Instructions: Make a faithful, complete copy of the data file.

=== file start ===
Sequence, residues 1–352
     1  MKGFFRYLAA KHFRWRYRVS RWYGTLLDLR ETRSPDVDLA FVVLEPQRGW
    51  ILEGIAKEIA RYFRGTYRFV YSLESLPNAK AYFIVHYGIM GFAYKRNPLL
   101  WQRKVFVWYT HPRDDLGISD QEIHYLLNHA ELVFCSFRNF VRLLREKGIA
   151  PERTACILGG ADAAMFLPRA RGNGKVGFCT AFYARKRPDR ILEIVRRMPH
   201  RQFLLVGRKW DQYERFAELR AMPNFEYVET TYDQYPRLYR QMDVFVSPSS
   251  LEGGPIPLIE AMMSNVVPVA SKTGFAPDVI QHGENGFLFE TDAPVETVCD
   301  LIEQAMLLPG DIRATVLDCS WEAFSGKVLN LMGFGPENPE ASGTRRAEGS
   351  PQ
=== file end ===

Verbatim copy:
Sequence, residues 1–352
     1  MKGFFRYLAA KHFRWRYRVS RWYGTLLDLR ETRSPDVDLA FVVLEPQRGW
    51  ILEGIAKEIA RYFRGTYRFV YSLESLPNAK AYFIVHYGIM GFAYKRNPLL
   101  WQRKVFVWYT HPRDDLGISD QEIHYLLNHA ELVFCSFRNF VRLLREKGIA
   151  PERTACILGG ADAAMFLPRA RGNGKVGFCT AFYARKRPDR ILEIVRRMPH
   201  RQFLLVGRKW DQYERFAELR AMPNFEYVET TYDQYPRLYR QMDVFVSPSS
   251  LEGGPIPLIE AMMSNVVPVA SKTGFAPDVI QHGENGFLFE TDAPVETVCD
   301  LIEQAMLLPG DIRATVLDCS WEAFSGKVLN LMGFGPENPE ASGTRRAEGS
   351  PQ